‘My J-1 in Cape Cod was one of my favourite summers’
Jenna Clarke-Molloy reflects on her time in Massachusetts as applications open for 2018
More than 500 seasonal workers were hired for the summer season, many of whom were Irish J-1ers like me.
Visiting the Statue of Liberty, the Grand Canyon, the Las Vegas strip… a summer spent in the United States on a J-1 summer work and travel visa is considered one of the defining times in a young Irish person’s college life, often punctuated with visits to some of the great sites in the “Land of the Free”.
In the summer of 2016 my J-1 brought me to a small town on the idyllic peninsula of Cape Cod in Massachusetts, to work as a waitress in a luxury resort. The previous months had seen me pinching pennies to put towards the cost of the visa, while filling out seemingly endless paperwork to do with visas, jobs and insurance.
Finally, my friends and I made it Brewster in June.
Although it seemed to be little more than a through road, the resort and golf club where I had secured a job as a waitress were well known, and one of the biggest sources of employment for students on the Cape during the summer months. More than 500 seasonal workers were hired for the summer season, many of whom were Irish J-1ers like me.
I travelled with two friends who also worked in the resort, though in different areas. We found accommodation in a kind landlord’s basement a short cycle from work.
There were a lot of Eastern European workers in my restaurant, and between the Irish, Serbian, Romanian, Bulgarians and Macedonians, we outnumbered the Americans working there.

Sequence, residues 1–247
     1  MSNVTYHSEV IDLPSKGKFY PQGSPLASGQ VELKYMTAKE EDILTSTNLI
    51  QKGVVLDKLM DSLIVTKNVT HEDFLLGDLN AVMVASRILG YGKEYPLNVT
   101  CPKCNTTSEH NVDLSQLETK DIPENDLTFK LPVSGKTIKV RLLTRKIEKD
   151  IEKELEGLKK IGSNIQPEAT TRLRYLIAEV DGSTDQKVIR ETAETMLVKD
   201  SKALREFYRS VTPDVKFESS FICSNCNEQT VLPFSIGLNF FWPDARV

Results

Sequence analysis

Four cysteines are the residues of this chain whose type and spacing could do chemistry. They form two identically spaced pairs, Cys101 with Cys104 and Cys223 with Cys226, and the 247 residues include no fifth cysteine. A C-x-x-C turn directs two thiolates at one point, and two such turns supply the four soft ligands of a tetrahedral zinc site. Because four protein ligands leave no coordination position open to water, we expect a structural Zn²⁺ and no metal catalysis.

Day to day, I was slagged for how quickly I spoke, as my co-workers imitated my lilt, asking me “what’s the craic?” We celebrated the Fourth of July in Provincetown, a larger more touristic town at the tip of the Cape. We spent another weekend in Provincetown whale watching, and travelled to Boston to watch a Red Sox game.
We worked up to 40-hour weeks, and were paid reasonably well. The cost of living isn’t particularly high on the Cape as it’s a relatively rural area, so we could live rather cheaply and spend our money on travelling and socialising with friends. House and beach parties were regular occurrences, and if we were not attending one we would meet in the local pub after work for an hour or two. It all felt very familiar, just with new friends in a more picturesque setting.
Around the midpoint of my summer in the States, I was selected by my US visa sponsor following an essay application to attend a Civic Leadership Summit in Washington DC. I was flown to DC and put up in university accommodation by my sponsor.
I thought I was having a multi-cultural experience in Massachusetts, but what I experienced in Washington DC was on another level. Sixty-three delegates from 32 countries, all on J-1s, came together to discuss the social issues in their home countries, and how to combat them through social entrepreneurship.